Exhibition Bouts Aren’t Hurting Boxing, Inflated Egos Are (1 of 2)
By: Sean Crose
“The sport of boxing could be in serious trouble,” Jeff Tracy wrote in an article at Axios, “but the business is booming.”
He makes an interesting point.
The general public is now clearly more interested in novelty bouts than it is in the prospect of top young fighters facing off against one another. Perhaps that’s because top young fighters don’t fight each other very often these days. There was a time when a sarcastic person could quip that Mike Tyson and Evander Holyfield would have a third fight before current welterweight stars Errol Spence and Terence Crawford would meet in the ring. Now that assertion might actually be true. As in literal fact. Something is wrong with boxing. Even the most casual of observers know it. The question, however, is why? Why do today’s top fighters, who are at least as talented and brave as past top fighters, not want to face each other?
The problem, frankly, may well be inflated self-esteem. Sure, promotional wars have something to do with it, as does the fact today’s fighters rightfully want to earn as much as they can throughout their careers. Yet we’re now at the point where accomplished boxers don’t want to prove they’re the best because they already believe they ARE the best. Their circles of friends tell them they’re the best all the time. Podcasters, broadcasters and journalists shout to the world of their greatness at every opportunity. A top young fighter might get around – at some point – to facing a legitimate challenge…but why rush things when you feel it’s already perfectly obvious who the better fighter is?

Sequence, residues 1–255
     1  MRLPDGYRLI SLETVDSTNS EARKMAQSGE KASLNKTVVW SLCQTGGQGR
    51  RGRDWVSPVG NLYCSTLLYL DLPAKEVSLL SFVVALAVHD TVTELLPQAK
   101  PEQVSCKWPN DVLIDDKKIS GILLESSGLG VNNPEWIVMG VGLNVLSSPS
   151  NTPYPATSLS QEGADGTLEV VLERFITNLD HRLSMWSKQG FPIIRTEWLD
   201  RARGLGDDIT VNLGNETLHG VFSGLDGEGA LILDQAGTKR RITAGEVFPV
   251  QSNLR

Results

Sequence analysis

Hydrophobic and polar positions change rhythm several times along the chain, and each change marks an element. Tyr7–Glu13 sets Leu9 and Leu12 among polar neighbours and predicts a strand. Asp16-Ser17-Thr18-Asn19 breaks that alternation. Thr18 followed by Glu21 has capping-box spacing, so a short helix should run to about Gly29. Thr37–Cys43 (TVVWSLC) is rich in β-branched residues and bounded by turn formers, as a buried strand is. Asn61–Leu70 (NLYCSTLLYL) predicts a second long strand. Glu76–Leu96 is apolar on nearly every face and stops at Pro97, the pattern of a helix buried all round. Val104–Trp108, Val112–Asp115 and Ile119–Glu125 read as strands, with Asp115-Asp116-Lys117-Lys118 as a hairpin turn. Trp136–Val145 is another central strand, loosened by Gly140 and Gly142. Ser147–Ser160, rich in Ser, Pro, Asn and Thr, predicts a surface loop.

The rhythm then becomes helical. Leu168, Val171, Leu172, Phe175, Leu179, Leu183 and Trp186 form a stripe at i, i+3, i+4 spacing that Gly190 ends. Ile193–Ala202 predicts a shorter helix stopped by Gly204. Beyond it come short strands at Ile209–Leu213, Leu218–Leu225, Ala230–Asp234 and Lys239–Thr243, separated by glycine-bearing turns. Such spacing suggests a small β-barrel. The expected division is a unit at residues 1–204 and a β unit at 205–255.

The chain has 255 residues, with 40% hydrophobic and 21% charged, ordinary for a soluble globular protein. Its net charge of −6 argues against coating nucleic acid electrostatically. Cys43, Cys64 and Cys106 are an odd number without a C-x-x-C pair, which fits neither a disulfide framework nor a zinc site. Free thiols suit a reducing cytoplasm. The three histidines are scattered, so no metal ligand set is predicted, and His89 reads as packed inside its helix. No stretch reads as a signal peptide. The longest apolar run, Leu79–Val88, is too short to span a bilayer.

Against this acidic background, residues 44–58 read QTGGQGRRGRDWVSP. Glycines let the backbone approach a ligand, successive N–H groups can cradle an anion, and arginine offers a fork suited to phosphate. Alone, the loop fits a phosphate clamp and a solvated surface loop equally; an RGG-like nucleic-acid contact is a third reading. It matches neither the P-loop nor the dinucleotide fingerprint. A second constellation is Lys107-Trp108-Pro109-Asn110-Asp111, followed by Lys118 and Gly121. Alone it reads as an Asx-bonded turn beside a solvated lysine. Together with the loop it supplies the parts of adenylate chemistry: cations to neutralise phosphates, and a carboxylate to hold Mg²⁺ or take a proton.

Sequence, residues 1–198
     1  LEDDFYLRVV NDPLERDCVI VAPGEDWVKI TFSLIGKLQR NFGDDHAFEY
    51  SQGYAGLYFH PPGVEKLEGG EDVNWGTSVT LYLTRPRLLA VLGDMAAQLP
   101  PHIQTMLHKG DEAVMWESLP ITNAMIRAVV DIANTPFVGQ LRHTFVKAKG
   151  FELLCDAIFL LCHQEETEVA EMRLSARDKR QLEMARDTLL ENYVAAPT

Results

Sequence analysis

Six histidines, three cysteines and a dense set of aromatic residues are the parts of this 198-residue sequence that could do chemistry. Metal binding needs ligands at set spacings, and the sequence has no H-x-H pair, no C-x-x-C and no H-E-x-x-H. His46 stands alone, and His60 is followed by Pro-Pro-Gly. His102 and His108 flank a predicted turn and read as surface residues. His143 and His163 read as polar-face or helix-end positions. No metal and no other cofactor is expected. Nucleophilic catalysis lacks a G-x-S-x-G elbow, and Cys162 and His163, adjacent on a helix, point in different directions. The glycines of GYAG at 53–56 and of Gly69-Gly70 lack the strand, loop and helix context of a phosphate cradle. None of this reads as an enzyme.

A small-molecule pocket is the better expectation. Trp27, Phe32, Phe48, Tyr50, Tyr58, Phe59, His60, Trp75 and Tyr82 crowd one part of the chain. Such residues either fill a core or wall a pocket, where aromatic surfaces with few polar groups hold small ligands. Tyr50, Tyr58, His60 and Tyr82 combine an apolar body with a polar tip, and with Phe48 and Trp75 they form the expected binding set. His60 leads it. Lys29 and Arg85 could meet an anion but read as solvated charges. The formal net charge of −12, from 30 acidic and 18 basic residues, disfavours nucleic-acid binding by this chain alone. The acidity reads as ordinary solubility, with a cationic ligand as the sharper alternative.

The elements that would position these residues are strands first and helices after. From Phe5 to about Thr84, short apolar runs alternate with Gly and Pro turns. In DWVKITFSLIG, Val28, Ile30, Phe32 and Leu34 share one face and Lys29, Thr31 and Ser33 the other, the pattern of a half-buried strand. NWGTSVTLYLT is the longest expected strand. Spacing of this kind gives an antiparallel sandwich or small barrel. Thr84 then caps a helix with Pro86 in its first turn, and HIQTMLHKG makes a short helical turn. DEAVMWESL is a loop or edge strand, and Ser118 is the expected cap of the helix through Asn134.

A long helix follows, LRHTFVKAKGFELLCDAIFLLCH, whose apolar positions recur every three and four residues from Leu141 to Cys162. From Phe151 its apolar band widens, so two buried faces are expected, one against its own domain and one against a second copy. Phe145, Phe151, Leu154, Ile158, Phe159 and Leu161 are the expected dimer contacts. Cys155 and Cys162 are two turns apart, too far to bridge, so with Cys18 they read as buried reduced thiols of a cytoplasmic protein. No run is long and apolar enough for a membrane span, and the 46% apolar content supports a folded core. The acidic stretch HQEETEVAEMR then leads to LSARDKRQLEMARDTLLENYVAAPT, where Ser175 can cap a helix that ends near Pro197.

While making blanket condemnations against an entire generation is often a ridiculous thing to do, there seems to be evidence the “you’re just awesome” mantra that’s been making the societal rounds has had a negative impact on contemporary boxing. When you’re told you don’t have to prove anything to anyone all your life, you naturally feel you don’t have to. So, if you’re a successful fighter, boxing becomes all about the money. You’ll need more money than anyone else because, hey, you’re a big deal. You tell yourself that every day, so there’s no way in the world you’re going to take less money than your potential opponent – even if that opponent is as professionally accomplished as you are. And on and on it goes. The worst thing about the “you’re just awesome” philosophy is that it’s pretty much bulletproof. You’re taught to ignore the naysayers as “haters” and encouraged to just keep on doing your thing.
Of course, it’s perfectly healthy for a contemporary fighter to not box as much as fighters of old did while earning untold amounts more money than the old timers used to. Boxing is a dangerous sport. Yet it is still a sport, and a sport involving more than one individual most often requires competition. Real competition. A young athlete who makes millions fighting in two pay per view matches a year against opponents far from the best the game has to offer isn’t doing right by himself. And many, if not most, of contemporary boxing’s big names aren’t doing right by themselves these days.
Fortunately, there’s exceptions. Check in for Part 2 of this article later this week.